The only thing I have against the record is being that El is a great sax player he doesn't play on most of the tracks. Instead he uses keyboards for horns. Nothing against keyboards but when El dons his sax like on "Springtime At The Old Havana" it just makes me hope for an album's worth.

 David Brinston "Here I Go Again" (Ecko)

***1/2 Brinston's debut LP "Hit & Run" is a classic of modern soul and a benchmark for the Southern Soul genre. Brinston hasn't hit those heights since but came close with"Fly Right", which featured the same producer as that record, Marshall Jones. Also his independent 2006 release "Mississippi Boy" played to his strengths- bumpers and ballads rather than Contemporary R & B. I mention "Hit & Run" because his latest disc captures some of that magic.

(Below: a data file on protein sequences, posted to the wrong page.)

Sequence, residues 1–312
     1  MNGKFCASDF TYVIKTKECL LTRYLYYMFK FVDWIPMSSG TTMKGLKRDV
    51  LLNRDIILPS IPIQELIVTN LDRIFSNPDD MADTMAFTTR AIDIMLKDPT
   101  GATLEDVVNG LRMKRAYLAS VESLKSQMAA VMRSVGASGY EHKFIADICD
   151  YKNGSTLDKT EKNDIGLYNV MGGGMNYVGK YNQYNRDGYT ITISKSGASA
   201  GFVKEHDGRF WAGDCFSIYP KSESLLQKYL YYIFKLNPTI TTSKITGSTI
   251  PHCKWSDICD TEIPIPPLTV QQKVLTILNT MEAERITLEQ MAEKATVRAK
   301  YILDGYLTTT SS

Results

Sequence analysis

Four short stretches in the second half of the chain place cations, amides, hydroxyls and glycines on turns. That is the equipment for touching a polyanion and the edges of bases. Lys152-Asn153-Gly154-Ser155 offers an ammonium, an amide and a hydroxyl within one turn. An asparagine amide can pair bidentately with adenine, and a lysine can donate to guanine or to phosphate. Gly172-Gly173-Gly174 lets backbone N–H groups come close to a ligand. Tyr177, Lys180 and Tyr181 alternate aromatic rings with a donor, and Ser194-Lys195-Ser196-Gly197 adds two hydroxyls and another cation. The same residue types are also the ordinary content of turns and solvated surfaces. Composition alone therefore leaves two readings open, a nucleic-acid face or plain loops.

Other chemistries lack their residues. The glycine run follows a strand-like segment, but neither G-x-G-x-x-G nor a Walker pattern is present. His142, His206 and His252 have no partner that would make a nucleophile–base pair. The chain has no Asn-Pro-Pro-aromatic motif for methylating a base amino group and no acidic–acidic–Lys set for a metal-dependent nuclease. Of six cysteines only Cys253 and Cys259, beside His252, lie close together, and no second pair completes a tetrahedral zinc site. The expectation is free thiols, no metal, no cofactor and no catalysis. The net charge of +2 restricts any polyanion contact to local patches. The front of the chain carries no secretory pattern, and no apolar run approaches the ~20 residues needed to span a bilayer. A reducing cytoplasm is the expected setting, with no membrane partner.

Now on his fifth record label, Ecko, Brinston delivers the goods with simple melodic bumps, ballads and beach. Though it's heavily synthetic music a singer like Brinston can still make it sound soulful. The set opens with the title track, a sweet dancer nearly ruined by obnoxious background vocals (that goofy "here I go here I go" bit). It sounds like an outtake from the "Hit & Run" sessions! The likely radio cuts though are the bump "Baby Let Me Hit It One More Time" and midtempo "You Took That Dog In Me" & "Too Many Women",  which have the strongest refrains on the LP. The latter also features a bona fide B-3 Organ part by John Ward, who this time gives co-production credited to frequent collaborator Morris J Williams. After a mediocre stretch Morris J has written some strong songs ("Love's Always Gonna Be Around", "After Party" with Big John Cummings, "You Took That Dog In Me" as well as the aforementioned cuts) and cut out that gurgling "bucka bucka bucka" percussion programming.. Also noteworthy is a superior take on the dancer "Work That Thang", which was rather lazy on Bill Coday's final Ecko CD "Take Me". Interestingly another cut from that album, "Back It Up And Put It There", is also here and is one for the Carolina shaggers.